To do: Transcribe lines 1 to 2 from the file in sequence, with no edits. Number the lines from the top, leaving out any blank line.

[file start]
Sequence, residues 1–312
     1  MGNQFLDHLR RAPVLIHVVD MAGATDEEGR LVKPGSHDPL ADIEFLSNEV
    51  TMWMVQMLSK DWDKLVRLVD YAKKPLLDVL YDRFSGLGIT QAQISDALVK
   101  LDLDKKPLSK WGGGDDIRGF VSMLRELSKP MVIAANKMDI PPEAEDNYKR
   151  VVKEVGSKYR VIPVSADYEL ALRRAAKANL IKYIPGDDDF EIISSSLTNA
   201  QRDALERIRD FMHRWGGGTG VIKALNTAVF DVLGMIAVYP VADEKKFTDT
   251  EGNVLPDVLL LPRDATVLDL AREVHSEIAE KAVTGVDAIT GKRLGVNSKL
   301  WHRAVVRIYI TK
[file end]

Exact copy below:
Sequence, residues 1–312
     1  MGNQFLDHLR RAPVLIHVVD MAGATDEEGR LVKPGSHDPL ADIEFLSNEV